On that latter front he’s been working for several years on a project called ‘After the Storm,’ which focuses on the devastating effects on communities that have faced terrible, often unprecedented storms. “Along with the HIV issue, climate change is the only story worth communicating,” states Peter. “It’s the story that demands my full commitment as a documentary photographer. I first started shooting the affects it was having back in 2004, and I was shocked to see first-hand the impact it was having on poor rural communities.”

© Peter Caton

To date Peter has worked on this project in India, Bangladesh, the Philippines and the UK, and his bags are permanently packed in readiness for that moment when a major weather incident takes place somewhere around the world.

Working with a digital Hasselblad brought with it many advantages, but still there was the question to address that shooting conditions were challenging at best, and the inevitable low light situations that occurred often meant that supplementary lighting would be called for. The quandary was solved by the arrival of the Hasselblad H5D-50c with its CMOS sensor and higher ISO speed capability, and this is now the medium format camera of choice for Peter.

© Peter Caton

“Now I don’t need to use my flash too often,” Peter says. “The CMOS sensor in the H5D-50c means that I no longer have to fear low light since I can work without noise to up to ISO 1600, a full two stop advantage over the H3D or H4D, and still come away with a file that’s big enough to blow up to an A0+ print (914 x 1292mm).”

Making a difference

Despite the fact that, by the very nature of what he’s doing, Peter is likely to be working in demanding conditions where there is a lot of water and mud about, he’s still able to focus fully on what he’s doing without worrying overmuch about cosseting the gear that he’s working with. On the lens front he works primarily with a 35-90mm, which covers most of the bases and ensures that he does not continually have to swap lenses over – something that would be potentially hazardous in dusty environments. In terms of the muddy conditions he often encounters, the biggest danger is the increased risk of falling over and possibly dropping gear in the process.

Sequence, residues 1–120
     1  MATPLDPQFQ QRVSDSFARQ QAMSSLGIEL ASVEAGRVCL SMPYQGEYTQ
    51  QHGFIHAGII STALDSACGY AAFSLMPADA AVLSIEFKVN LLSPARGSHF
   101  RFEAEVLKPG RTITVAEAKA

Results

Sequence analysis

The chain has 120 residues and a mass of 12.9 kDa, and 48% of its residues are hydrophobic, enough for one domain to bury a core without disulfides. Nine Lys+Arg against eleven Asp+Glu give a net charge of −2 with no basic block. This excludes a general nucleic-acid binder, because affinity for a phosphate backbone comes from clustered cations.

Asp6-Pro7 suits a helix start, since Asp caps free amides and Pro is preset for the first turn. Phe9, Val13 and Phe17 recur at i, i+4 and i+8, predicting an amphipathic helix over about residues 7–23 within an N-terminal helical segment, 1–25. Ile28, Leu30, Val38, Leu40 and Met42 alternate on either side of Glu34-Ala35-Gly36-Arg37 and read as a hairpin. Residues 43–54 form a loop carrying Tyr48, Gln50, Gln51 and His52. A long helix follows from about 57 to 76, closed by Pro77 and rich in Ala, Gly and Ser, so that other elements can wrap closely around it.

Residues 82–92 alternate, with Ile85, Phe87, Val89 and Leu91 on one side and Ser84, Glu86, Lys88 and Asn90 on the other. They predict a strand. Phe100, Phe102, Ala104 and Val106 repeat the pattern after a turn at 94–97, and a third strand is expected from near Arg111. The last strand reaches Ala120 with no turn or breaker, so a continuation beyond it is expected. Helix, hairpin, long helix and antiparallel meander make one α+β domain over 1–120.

© Peter Caton

“Working in challenging environments with a Hasselblad is like travelling with a small child,” Peter smiles. “The safety aspect is paramount in your mind, and because I take care of my cameras I’ve never really had a problem. The H5D-50C features a thermometer symbol, for example, which warns you if it gets too hot. And if I’m using the camera like I would a 35mm model and am taking lots of images, then I know that subsequently I will need to rest it for a short period to let it recover. It’s just a question of being patient, and you get to know your gear after a while.”

© Peter Caton

Having experienced so much suffering first hand, the frustration for Peter is that he’s witnessing first-hand how the issue of global warming is accelerating, and he confesses it’s heartbreaking for him to see how it’s the most vulnerable communities around the world that are on the front line. “Photography has a crucial role to play in activism,” he says. “The stakes have never been higher and I want my climate work to play its part.”

More information:

The H5D-50c is currently available at a special offer price. Click here for more details